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Janek Gwizdala Masterclass 2007 Part 3: Gear, Tradition and Finding Your Voice

Here’s the third and final instalment of Janek Gwizdala’s bass clinic at ACM Guildford in 2007. For those who missed the first two episodes, you can find them here: –…

Here’s the third and final instalment of Janek Gwizdala’s bass clinic at ACM Guildford in 2007. For those who missed the first two episodes, you can find them here:

Part 1 focuses on transcription, including things he stole from George Benson and Allan Holdsworth
Part 2 deals with Janek’s early days playing the bass and how he developed his prodigious technique

Part 3 covers a range of topics, including:

Janek’s philosophy on equipment

Regular viewers of his ‘coffee with Janek’ blog might find it interesting to hear how his views on being a gear head have shifted over the last decade – this masterclass happened before he started hanging out with Juan Alderete and stockpiling Meatboxes and OC-2 pedals.

The value of understanding tradition

While talking about his time playing with the late Hiram Bullock, Janek reveals that he didn’t begin his journey with jazz and started on a solid diet of pop music before moving on to the likes of Miles Davis and Herbie Hancock.

One of the most important points that Janek makes on this topic is that it’s essential to have a comprehensive knowledge of your chosen musical genre(s) before you can forge your own musical path – if you don’t know what has come before you, then how can know when you’re being original?

(and yes, I was that guy who knew everything about Anthony Jackson. I’m pretty handy at a pub quiz…)

finding your ‘voice’ on your instrument

Closely linked to the idea of understanding your ‘place’ in musical history is the importance of not simply regurgitating things that have happened before – but how do you work out which direction you should go in? Janek discusses some of his own ‘self talk’ that he uses in musical decision making.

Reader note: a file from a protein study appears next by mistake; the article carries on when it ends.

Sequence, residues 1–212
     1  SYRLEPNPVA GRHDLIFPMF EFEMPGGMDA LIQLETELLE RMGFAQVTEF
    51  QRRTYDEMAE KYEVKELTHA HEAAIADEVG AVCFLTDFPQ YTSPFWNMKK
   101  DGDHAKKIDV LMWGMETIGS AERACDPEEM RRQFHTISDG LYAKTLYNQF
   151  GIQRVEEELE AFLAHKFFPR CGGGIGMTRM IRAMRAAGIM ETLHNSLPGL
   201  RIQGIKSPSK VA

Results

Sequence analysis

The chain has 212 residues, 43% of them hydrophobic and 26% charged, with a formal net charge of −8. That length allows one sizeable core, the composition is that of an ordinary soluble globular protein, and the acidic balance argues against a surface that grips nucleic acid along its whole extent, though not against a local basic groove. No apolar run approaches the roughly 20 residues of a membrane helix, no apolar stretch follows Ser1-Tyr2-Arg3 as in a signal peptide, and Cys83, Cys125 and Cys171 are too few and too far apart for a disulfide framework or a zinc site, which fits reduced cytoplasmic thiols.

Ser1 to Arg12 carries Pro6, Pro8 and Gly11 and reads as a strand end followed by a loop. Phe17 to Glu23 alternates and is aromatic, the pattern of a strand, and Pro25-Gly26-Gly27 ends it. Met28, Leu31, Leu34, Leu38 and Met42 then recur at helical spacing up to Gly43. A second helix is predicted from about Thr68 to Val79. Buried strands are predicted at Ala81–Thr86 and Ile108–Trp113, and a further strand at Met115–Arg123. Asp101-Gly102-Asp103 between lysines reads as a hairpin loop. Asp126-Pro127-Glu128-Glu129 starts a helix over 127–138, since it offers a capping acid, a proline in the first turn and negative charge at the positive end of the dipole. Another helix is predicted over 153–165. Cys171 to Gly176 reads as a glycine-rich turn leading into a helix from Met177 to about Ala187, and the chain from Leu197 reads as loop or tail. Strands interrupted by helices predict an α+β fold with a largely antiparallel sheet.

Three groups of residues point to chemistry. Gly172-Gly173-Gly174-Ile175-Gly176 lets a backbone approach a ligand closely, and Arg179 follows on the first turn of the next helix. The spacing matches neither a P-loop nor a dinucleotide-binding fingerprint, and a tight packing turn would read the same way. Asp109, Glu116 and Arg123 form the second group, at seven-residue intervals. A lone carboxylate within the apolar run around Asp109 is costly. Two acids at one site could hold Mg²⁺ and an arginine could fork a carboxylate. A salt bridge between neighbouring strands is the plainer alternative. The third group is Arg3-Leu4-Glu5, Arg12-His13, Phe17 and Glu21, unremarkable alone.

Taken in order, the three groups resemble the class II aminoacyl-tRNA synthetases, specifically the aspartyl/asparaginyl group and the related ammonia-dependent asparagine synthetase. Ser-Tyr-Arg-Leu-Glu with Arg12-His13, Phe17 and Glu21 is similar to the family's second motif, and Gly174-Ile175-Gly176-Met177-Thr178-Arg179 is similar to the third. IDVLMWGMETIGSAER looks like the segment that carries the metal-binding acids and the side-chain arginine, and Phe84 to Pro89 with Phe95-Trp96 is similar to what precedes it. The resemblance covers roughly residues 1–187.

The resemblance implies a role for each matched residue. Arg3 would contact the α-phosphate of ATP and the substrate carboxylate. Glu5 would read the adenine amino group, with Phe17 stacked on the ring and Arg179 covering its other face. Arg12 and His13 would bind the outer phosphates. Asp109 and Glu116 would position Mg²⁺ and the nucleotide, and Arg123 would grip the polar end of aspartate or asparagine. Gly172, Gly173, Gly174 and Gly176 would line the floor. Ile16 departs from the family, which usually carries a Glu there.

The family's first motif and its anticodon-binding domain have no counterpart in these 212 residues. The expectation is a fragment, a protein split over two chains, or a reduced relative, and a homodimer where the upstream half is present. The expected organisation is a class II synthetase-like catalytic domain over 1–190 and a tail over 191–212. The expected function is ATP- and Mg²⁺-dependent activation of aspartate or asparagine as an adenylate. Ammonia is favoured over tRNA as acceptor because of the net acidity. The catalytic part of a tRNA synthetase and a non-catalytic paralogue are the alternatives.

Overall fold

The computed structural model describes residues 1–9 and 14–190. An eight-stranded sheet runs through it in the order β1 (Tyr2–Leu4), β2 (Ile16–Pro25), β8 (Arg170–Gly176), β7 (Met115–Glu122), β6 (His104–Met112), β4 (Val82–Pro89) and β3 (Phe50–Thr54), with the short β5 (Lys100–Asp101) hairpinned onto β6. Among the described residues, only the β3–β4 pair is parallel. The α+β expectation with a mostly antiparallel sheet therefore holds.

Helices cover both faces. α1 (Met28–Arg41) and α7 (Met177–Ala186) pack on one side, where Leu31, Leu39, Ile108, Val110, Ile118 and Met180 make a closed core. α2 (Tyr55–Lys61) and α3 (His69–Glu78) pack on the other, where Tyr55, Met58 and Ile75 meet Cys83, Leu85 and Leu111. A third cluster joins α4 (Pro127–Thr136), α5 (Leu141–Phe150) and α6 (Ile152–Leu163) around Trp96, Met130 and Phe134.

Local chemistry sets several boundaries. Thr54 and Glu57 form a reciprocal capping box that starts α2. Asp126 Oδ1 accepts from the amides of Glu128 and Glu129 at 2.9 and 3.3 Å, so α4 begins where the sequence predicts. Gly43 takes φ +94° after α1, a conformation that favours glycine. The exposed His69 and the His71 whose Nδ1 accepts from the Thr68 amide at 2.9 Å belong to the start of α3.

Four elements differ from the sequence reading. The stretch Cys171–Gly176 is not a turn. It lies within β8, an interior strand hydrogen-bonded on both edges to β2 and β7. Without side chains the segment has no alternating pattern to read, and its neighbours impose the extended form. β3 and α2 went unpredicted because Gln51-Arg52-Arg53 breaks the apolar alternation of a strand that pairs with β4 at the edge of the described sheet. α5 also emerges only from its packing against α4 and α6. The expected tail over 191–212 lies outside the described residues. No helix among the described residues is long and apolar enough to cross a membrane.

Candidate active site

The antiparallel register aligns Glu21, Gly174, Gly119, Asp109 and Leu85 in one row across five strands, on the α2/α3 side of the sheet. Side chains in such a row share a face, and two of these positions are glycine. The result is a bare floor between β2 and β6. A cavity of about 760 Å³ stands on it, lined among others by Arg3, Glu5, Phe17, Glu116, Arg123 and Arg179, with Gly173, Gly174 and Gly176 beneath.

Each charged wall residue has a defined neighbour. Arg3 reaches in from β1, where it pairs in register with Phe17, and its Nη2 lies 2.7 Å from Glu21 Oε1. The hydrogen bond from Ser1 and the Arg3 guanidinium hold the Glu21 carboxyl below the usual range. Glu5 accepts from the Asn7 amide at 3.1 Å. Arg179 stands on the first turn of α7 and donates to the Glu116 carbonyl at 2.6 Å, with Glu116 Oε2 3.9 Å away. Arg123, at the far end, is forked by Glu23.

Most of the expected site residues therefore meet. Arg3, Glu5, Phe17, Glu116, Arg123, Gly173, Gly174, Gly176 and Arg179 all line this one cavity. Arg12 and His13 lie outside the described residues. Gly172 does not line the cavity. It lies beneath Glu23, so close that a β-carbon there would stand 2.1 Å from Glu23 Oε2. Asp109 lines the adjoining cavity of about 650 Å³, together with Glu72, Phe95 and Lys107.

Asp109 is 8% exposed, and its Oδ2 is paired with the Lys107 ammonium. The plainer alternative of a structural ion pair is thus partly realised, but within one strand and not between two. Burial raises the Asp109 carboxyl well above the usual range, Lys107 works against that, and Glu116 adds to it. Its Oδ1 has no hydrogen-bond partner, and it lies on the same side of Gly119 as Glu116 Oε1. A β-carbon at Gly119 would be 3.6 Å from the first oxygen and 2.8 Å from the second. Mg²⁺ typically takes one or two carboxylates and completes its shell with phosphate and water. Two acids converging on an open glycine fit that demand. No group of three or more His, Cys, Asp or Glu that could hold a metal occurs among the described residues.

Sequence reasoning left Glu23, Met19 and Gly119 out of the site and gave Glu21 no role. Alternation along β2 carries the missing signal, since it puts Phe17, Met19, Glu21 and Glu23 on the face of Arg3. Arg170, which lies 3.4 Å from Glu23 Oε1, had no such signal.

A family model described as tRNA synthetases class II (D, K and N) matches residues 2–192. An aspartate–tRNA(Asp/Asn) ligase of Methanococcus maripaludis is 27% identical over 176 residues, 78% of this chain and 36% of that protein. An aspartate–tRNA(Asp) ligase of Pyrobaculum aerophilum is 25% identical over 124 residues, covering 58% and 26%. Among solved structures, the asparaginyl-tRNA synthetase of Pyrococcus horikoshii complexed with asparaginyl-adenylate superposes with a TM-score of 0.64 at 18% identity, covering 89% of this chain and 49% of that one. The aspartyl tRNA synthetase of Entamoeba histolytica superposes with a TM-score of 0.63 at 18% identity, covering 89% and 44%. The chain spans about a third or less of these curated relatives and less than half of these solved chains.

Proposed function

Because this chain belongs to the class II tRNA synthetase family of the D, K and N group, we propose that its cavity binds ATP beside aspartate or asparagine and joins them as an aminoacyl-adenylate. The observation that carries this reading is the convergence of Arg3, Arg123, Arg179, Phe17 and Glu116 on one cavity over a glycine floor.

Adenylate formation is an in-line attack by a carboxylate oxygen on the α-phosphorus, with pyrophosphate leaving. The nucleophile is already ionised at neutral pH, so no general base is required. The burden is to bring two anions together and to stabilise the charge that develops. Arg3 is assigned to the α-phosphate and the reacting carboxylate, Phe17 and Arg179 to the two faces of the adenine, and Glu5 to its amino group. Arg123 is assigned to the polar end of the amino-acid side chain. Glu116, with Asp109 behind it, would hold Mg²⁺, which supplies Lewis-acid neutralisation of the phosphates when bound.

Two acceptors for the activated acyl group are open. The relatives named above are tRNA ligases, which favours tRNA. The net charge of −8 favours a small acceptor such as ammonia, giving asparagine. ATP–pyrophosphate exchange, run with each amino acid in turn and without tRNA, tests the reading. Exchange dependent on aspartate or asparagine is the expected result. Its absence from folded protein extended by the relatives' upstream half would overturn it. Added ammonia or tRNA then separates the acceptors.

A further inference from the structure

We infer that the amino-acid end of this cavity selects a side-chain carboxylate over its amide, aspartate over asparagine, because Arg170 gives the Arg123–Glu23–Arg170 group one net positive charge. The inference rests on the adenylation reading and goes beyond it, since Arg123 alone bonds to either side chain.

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Janek Gwizdala Masterclass 2007, Part 1: Transcription

I recently dug out my (now prehistoric) dictaphone that I used when I was a student at the Academy of Contemporary Music in Guildford between 2005 and 2008 and set…

I recently dug out my (now prehistoric) dictaphone that I used when I was a student at the Academy of Contemporary Music in Guildford between 2005 and 2008 and set about reviewing all of the lessons, concerts and masterclasses that I had bootlegged over the course of my degree.

One of the highlights was Janek Gwizdala’s clinic that I attended in March 2007. I’d actually met Janek the year before when I’d turned up to a sight reading lecture and found him as an unannounced guest lecturer for the class – I’d never heard of him before and was immediately inspired by both his playing and his outlook on music. So, when I heard that he was returning to give a more ‘officical’ masterclass the following year I made a point of attending with my trusty dictaphone at the ready.

Of course, it took me a decade to get round to doing anything with the recording, but better late than never…right?

The audio quality of the original file was absolutely vile, so I’ve done my best to clean it up and EQ it to provide some semblance of clarity. I’ve fully transcribed the speech (notice how almost everything he mentions is ‘super important’) and wrote down the playing excerpts that I thought might be most relevant – I don’t own a bass with a C string (I share Gary Willis’ opinion that they ‘sound like a cat, and not in a good way’) so I skipped much of the high-register chordal stuff. You can, however, steal all of his George Benson licks.

Part 1 of the clinic deals with Janek’s thoughts on transcription, including things that he ‘ripped off’ from great players including Pat Metheny, Allan Holdsworth and George Benson:

 

The pdf of the transcription can be found RIGHT HERE

 

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